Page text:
OF JUDGMENT: 12/14/2017
COUNTY CIRCUIT COURT HON. CHARLES E. WEBSTER TRIAL JUDGE
COURT ATTORNEYS: WILLIAM HARVEY GRESHAM, JR. MARVIN M. VINING
JAMES D. FRANKS, JR.
ATTORNEY FOR APPELLANT: MARVIN M. VINING
ATTORNEY FOR APPELLEE: OFFICE OF THE ATTORNEY GENERAL BY:
ALICIA MARIE AINSWORTH
KITCHENS, P.J., KING AND BEAM, JJ.
The State of Arizona and Williams Gaming, Inc. (WMS), a
manufacturer of electronic gaming machines, initiated a civil
asset forfeiture against money Randy Binning had won, in
part, in Tunica, Mississippi, casinos. Binning was indicted
in Mississippi for violations of the Mississippi Gaming
Control Act. A circuit court in Mississippi, however,
dismissed all criminal charges against Binning with
prejudice. Despite the dismissal of charges in Mississippi,
the State of Arizona continues to prosecute the
civil-forfeiture action. Binning now seeks a writ of
prohibition clarifying to the state of Arizona that any
further collateral attacks upon the dismissed criminal
charges under Mississippi law should be barred as res
judicata. Because Binning failed to provide sufficient
authority that a court in Mississippi may issue a writ of
prohibition to a court outside of the state, we affirm the
judgment of the trial court.
AND PROCEDURAL HISTORY
The general facts of this case are not in dispute. WMS
admitted that it produced and sold to Caesars Entertainment
Corporation (Caesars) a brand of Keno machines that were
defective. When a player selected certain combinations of
denominations and units to wager, the Keno games on those
defective machines produced greater-than-normal pay tables.
WMS admitted that the defect in those machines was due to its
own inadvertent coding error and determined that no contact
had occurred between any of its software engineers and
Binning, a professional gambler, learned of the particular
combinations of denominations and units to wager in order to
increase his odds of winning. In April 2013, Binning won
money on defective Keno machines in both Tunica, Mississippi,
and Joliet, Illinois. On April 29, 2013, during a traffic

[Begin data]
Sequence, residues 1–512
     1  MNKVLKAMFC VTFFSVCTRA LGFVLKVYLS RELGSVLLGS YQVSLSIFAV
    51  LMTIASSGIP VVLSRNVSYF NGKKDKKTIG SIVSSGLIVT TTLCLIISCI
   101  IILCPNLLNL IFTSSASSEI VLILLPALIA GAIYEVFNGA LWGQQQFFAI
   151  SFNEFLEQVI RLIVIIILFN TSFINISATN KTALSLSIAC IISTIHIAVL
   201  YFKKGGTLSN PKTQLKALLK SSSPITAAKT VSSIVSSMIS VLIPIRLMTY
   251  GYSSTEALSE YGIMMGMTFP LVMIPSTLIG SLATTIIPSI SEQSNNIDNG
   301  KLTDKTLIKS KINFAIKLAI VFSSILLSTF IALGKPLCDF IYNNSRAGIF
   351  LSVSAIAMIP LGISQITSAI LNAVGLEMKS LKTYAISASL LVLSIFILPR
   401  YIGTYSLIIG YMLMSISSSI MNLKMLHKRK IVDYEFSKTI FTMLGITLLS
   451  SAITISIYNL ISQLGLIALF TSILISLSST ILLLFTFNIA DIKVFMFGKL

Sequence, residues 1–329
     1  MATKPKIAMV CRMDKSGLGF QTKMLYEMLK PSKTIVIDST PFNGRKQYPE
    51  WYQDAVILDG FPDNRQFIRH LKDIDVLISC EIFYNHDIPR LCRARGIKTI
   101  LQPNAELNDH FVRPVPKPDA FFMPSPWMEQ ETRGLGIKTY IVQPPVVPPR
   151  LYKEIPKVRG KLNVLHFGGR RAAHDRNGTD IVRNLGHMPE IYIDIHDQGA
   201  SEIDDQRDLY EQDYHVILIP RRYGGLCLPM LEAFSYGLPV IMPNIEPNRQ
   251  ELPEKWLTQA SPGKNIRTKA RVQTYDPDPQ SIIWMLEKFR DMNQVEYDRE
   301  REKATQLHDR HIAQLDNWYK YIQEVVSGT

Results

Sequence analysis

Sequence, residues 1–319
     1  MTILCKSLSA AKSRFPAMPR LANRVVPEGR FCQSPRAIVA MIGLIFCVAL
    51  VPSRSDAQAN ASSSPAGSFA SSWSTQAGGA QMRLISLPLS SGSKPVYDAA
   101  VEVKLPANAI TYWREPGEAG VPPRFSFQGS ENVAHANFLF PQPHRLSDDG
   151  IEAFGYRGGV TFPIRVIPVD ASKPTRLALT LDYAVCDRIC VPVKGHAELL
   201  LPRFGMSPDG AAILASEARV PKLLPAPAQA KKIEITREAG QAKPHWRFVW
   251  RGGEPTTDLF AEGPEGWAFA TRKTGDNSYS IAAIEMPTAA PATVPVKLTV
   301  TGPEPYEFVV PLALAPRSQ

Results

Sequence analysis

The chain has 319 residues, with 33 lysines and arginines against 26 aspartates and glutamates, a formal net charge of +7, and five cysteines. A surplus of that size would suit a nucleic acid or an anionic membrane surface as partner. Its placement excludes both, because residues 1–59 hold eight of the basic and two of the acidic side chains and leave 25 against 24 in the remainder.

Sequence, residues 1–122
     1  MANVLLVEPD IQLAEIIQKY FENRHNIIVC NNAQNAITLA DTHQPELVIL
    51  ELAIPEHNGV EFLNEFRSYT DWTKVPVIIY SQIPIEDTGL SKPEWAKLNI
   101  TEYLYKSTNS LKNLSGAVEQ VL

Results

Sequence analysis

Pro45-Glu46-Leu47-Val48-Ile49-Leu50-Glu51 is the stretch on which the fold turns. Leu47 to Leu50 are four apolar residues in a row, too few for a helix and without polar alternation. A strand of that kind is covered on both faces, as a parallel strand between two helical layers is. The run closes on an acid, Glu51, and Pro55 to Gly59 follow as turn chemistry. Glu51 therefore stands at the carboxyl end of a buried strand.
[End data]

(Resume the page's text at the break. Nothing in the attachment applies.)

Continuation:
stop, law-enforcement officers in Coconino County, Arizona,
seized more than $400, 000 from Binning, a large portion of
which Binning had won at Mississippi casinos.
A Tunica County grand jury indicted Binning on two counts of
violating the Mississippi Gaming Control Act, Mississippi
Code Sections 75-76-301(c) (Rev. 2016) and 75-76-311(2) (Rev.
2016). Binning also was indicted in Illinois. Following a
bench trial in Illinois, all charges against Binning were
dismissed. On June 30, 2015, the Mississippi circuit court
also entered a pretrial order dismissing all charges against
Binning with prejudice.
Although the charges against Binning were dismissed in
Mississippi and Illinois, the State of Arizona and WMS
continue to pursue civil forfeiture in Arizona. Binning faces
forfeiture of the seized cash under Arizona Revised Statutes
§ 13-2301(D)(4), which provides in relevant part,
4. "Racketeering" means any act, including any
preparatory or completed offense, that is chargeable or
indictable under the laws of the state or country in which
the act occurred and, if the act occurred in a state or
country other than this state, that would be chargeable or
indictable under the laws of this state if the act had
occurred in this state, and that would be punishable by
imprisonment for more than one year under the laws of this
state and, if the act occurred in a state or country other
than this state, under the laws of the state ...